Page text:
A new study shows that Latinos and other minorities still lag behind in preparation for continuing education in subjects leading to science, technology, engineering and mathematics (STEM) careers. The study found that Latinos, females, and African Americans remain underrepresented in Advanced Placement (AP) exams for computer science.

The College Board, which overseas AP tests, has collected data about the students in 2013 that took the AP exam for computer science, and that data -- along with previous selections of data dating back to 2006 -- has now been compiled into a snapshot of high school preparation for STEM careers by Barbara Ericson, the director of computing outreach and a senior research scientist at Georgia Tech.

Some of the findings from the data about minorities taking the AP computer science exam are astonishing. In Mississippi, Montana, and Wyoming, for example, no female took the AP computer science exam. No African Americans took the same exam in 11 states, including Kansas, Maine, Mississippi, Montana, Nebraska, New Mexico, and Utah.

And in eight states -- many of which were previously mentioned -- there were zero Hispanic students taking the AP computer science exam: Alaska, Idaho, Kansas, Mississippi, Montana, Nebraska, North Dakota, and Wyoming. Of course demographic location makes a difference, and Texas, California, Florida, New York, and Illinois were among the top states with Latino students taking the exam.

The overall statistics, according to Education Week, are discouraging. The College Board data shows that in 2013, of the around 30,000 students who took the AP exam for computer science -- which is the end exam for an advanced course that teaches high school students how to design and use computer programs -- Hispanic students comprised only 8 percent. Fewer than 20 percent were female, and only 3 percent were African American.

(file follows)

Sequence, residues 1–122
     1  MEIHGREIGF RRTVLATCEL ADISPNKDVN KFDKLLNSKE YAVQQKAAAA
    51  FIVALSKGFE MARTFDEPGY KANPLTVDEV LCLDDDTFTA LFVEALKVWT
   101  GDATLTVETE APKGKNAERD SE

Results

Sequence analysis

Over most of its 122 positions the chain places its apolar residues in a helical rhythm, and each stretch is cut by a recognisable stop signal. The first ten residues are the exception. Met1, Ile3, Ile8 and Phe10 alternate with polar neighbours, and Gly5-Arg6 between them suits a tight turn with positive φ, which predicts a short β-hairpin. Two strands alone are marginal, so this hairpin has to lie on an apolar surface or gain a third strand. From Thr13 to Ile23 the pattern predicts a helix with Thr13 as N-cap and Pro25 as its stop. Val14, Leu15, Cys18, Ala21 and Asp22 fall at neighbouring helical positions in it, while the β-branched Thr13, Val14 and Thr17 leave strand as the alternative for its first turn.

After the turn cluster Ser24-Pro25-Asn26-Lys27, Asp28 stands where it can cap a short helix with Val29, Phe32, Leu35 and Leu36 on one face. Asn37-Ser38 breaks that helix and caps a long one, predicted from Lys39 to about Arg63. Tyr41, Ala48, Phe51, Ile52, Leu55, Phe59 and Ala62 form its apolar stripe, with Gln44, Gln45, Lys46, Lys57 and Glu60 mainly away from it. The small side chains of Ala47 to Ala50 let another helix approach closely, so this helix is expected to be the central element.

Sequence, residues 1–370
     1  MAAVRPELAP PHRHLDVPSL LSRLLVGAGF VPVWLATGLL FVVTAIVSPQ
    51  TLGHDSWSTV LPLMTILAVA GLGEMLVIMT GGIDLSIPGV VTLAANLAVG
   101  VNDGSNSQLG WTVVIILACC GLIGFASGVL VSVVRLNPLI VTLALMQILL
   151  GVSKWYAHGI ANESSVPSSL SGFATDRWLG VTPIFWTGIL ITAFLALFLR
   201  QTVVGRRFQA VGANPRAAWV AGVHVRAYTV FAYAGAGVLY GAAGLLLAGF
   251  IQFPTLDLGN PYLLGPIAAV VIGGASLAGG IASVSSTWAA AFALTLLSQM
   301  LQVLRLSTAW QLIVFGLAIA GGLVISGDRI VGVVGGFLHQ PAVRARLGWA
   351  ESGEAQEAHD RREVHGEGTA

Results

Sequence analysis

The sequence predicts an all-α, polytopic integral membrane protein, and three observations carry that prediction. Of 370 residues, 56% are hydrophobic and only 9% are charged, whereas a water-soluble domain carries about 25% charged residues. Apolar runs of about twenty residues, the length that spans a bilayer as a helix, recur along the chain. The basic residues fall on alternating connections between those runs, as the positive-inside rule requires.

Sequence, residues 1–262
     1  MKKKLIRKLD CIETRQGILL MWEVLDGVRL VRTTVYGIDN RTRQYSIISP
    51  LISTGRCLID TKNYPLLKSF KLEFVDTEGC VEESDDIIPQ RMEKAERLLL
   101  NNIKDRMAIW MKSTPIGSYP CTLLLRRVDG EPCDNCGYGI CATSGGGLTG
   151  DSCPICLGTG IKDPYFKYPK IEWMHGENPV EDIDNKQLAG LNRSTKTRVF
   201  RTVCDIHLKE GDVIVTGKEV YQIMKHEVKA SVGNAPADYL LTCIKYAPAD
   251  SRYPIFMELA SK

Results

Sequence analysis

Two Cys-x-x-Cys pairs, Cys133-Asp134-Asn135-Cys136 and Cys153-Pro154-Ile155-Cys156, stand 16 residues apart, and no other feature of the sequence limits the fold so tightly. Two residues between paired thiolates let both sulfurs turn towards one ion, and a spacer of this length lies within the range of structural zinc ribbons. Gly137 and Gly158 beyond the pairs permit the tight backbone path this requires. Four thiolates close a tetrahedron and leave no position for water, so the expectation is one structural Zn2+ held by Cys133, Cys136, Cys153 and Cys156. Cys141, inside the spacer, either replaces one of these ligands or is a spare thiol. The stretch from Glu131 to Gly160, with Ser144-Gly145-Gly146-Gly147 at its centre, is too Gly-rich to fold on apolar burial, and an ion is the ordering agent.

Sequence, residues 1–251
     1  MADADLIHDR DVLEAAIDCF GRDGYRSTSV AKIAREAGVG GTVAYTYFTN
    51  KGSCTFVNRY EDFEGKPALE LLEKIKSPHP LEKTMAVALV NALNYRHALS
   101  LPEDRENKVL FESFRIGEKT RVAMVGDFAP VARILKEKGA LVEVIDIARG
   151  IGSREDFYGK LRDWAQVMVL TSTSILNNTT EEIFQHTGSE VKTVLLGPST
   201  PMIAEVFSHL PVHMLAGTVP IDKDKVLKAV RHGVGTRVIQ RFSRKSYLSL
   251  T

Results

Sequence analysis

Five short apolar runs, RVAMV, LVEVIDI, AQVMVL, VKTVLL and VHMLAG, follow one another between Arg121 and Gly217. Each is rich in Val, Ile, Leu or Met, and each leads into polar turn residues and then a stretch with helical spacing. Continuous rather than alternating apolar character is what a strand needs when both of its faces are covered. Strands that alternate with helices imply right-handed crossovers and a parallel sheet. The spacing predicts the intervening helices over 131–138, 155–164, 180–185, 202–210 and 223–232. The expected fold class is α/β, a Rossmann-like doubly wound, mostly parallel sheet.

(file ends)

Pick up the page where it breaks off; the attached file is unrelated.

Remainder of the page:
Texas had the largest percentage of Hispanic students taking the exam, at 18 percent, but that means there were only 751 high school Latinos in Texas, total, taking the AP course in computer science.

In addition to the discouraging general statistics, the data shows that computer science education in minority schools is failing compared to other more privileged high schools. The pass rate, overall, for females, African Americans, and Hispanics in the AP computer science exam were all below those of white males.

Part of the problem, researcher Barbara Ericson told Education Week, is that AP computer science courses are simply "more prevalent in suburban and private schools than in urban, poor schools." Of the 15,000 high schools that offer some type of AP course, noted Ericson, only about 2,300 high schools were recognized by the College Board as offering the AP computer science course in 2013-2014.

Deborah Davis, spokesperson for the College Board, responded to the report by telling Education Week, "We were not surprised by Barbara Ericson's findings because unfortunately, computing courses have historically been dominated by white, male students," but went on to mention that the College Board is committed to working on that trend.

"That said, the College Board is deeply committed to increasing access to rigorous computing courses, particularly for underrepresented female and minority students," wrote Davis. "In order to address this issue, we are collaborating with national organizations, other nonprofits and the private sector to ensure expanded access."